When a parent has concerns about their child’s physical, social or cognitive development, it can be difficult to sort through the sea of information on the Internet. Often their quest for answers brings them to Lisa Bergeron, MD, PPG – Pediatrics. When the situation requires an assessment, Dr. Lisa and her team of nurse practitioners use specific guidelines from the American Academy of Pediatrics. While no two children with Autism Spectrum Disorder are the same, there are some warning signs specialists and parents can look for.
- Doesn’t keep eye contact or makes very little eye contact
- Doesn’t respond to a parent’s smile or other facial expressions
- Doesn’t look at objects or events a parent is looking at or pointing to
- Doesn’t point to objects or events to get a parent to look at them
- Doesn’t bring objects of personal interest to show to a parent
- Doesn’t often have appropriate facial expressions
- Unable to perceive what others might be thinking or feeling by looking at their facial expressions
- Doesn’t show concern (empathy) for others
- Unable to make friends of uninterested in making friends
- Doesn’t point at things to indicate needs or share things with others
- Doesn’t say single words by 16 months
- Repeats exactly what others say without understanding the meaning (often called parroting or echoing)
- Doesn’t respond to name being called but does respond to other sounds like a car horn or cat’s meow
- Refers to self as “you” and others as “I,” and may mix up pronouns
- Often doesn’t seem to want to communicate
- Doesn’t start or can’t continue a conversation
- Doesn’t use toys or other objects to represent people or real life in pretend play
- May have a good rote memory, especially for numbers, letters, songs, TV jingles or specific topic
- May lose language or other social milestones, usually between the ages of 15 and 24 months (often called regression)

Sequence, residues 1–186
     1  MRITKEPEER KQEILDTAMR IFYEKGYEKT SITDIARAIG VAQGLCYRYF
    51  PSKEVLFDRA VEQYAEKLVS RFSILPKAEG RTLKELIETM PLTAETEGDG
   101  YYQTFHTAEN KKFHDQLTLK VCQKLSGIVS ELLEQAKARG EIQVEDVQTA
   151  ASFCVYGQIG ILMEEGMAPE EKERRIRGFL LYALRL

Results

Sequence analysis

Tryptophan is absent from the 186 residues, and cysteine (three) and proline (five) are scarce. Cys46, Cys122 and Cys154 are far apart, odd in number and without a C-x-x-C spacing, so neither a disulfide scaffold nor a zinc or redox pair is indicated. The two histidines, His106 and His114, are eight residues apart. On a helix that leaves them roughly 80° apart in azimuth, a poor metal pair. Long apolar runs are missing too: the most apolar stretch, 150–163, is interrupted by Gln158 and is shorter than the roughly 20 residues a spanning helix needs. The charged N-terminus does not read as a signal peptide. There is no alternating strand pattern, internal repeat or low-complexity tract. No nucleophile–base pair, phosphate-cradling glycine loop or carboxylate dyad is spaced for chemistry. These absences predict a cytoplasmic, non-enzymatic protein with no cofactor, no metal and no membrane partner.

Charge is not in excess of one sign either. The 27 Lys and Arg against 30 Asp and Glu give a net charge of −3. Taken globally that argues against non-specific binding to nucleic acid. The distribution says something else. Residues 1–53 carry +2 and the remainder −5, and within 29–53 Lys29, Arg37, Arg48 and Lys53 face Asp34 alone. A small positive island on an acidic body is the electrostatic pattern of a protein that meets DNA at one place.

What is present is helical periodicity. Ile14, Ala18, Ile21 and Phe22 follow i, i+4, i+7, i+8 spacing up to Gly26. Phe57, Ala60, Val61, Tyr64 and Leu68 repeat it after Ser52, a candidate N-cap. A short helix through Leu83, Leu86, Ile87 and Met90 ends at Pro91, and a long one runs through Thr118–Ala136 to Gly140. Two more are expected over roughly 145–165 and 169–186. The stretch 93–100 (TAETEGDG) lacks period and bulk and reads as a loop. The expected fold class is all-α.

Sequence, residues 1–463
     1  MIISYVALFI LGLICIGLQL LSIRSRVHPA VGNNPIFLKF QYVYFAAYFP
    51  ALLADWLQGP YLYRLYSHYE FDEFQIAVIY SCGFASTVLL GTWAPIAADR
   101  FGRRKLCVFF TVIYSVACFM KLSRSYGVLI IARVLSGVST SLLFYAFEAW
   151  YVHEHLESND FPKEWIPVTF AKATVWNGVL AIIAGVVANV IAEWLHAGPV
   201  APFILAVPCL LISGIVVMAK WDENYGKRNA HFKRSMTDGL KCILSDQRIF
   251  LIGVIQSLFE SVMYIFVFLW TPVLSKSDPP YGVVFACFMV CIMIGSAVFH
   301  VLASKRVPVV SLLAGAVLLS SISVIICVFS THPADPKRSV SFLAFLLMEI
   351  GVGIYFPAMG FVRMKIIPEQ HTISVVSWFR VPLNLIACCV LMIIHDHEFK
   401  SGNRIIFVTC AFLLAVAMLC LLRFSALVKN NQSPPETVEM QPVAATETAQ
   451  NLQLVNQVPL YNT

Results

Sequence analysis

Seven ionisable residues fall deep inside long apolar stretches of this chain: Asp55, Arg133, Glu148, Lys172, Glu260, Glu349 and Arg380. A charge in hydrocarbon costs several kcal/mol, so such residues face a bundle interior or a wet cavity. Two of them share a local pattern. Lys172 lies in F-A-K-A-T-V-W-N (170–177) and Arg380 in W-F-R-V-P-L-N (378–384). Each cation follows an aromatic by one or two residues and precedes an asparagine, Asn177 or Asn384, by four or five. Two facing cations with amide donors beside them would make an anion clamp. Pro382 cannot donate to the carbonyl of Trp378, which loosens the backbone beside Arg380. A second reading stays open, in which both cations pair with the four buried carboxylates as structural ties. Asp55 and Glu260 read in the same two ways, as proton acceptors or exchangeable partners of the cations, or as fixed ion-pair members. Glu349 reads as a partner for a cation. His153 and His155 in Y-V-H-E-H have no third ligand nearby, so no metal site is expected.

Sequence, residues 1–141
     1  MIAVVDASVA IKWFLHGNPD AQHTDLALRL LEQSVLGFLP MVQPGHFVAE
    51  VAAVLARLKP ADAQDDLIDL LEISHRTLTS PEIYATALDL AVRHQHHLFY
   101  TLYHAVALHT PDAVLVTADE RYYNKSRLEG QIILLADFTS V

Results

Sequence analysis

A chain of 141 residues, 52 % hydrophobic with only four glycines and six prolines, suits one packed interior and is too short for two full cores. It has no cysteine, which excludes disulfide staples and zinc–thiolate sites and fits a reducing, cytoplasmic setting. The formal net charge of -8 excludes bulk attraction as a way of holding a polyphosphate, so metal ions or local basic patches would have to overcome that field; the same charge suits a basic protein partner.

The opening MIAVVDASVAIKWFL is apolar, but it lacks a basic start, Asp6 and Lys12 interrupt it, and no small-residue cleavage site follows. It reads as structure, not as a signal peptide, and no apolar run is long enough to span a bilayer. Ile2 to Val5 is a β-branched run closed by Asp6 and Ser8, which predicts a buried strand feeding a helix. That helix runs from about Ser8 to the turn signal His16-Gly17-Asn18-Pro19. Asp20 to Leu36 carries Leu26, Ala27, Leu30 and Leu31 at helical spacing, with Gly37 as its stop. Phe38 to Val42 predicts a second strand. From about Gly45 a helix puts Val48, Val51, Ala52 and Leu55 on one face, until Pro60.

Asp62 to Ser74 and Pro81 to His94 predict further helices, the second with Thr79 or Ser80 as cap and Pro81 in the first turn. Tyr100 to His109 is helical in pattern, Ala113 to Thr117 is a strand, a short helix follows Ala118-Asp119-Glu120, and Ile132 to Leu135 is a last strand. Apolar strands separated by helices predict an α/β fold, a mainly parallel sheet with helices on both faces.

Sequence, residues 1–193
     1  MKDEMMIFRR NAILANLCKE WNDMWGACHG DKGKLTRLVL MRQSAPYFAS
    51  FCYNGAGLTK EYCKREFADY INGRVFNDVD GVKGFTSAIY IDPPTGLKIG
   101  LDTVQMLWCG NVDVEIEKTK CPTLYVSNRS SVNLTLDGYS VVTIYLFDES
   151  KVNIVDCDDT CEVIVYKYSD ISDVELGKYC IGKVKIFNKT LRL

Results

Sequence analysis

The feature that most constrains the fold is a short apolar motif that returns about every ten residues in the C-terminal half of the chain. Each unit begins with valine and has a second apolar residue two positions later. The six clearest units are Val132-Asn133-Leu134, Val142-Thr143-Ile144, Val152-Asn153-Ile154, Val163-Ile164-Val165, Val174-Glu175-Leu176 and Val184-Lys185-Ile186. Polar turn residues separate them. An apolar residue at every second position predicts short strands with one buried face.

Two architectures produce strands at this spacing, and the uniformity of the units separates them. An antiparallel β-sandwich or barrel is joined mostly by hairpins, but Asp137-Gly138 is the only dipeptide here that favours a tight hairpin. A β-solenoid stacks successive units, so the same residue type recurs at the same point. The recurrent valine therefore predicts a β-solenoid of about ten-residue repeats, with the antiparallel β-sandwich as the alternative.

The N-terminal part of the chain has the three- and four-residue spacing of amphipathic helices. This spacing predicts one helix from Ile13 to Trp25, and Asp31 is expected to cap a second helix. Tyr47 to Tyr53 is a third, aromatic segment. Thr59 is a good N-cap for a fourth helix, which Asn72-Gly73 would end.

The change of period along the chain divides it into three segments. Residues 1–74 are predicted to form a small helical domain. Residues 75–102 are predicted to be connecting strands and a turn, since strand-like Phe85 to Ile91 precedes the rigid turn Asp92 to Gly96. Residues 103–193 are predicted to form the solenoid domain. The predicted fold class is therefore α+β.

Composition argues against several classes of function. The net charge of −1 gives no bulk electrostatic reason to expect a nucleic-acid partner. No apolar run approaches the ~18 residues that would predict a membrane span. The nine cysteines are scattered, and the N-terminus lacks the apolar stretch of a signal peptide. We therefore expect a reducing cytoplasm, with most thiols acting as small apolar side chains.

- Rocks, spins, sways, twirls fingers, walks on toes for long time, or flaps hands
- Likes routines, order, and rituals; has difficulty with change
- Obsessed with a few or unusual activities, doing them repeatedly during the day
- Plays with parts of toys instead of the whole toy (for example, spinning the wheels of a toy truck)
- Doesn’t seem to feel pain
- May be very sensitive or not sensitive at all to smells, sounds, lights, textures, and touch
- Unusual use of vision or gaze looks at objects from unusual angles
If you notice or have concerns regarding any of these traits or delays, contact your primary care physician or pediatrician to discuss further evaluation.
Living with Autism Spectrum Disorder
If your child is diagnosed with Autism Spectrum Disorder, there is a wealth of resources and services available. When utilizing these resources to develop a therapy program, the American Academy of Pediatrics does recommend you consider the following:
Offer choices. The program should offer a variety of behavioral, language, social, play and cognitive strategies that are individualized to the child. If possible, the child should also receive direct speech, occupational, and physical therapies, according to individual needs.
Have clear goals. An individualized plan should include specific, observable, and measurable goals and objectives in each developmental and behavioral area of intervention.
Be intense. The program should be intense, with a goal of 20 to 25 hours of planned intervention or instruction per week. It should be given year-round. The majority of children benefit from a staffing ratio of 1:1 or 1:2 with an adult in initial interventions.
Encourage parents to be fully involved. Siblings and peers should also be included in the program. Children often learn best by modeling typically developing children in inclusive settings. The family should have support from the therapy team so it can promote social skills, functional communication and appropriate behavior at home.
Take place in everyday settings. To promote generalization of newly acquired skills, interventions should take place in everyday settings. Playing and learning with children without ASDs may help children with ASDs learn social and language skills.
Address behavior problems. A functional analysis of behavior should be done when there are behavior problems. Information gained should be used to design a behavior management plan. The family should be involved so it can work on the child’s behavioral needs too.
Monitor progress often. If goals and objectives are not being met in a reasonable amount of time, the program should be evaluated and revised as needed.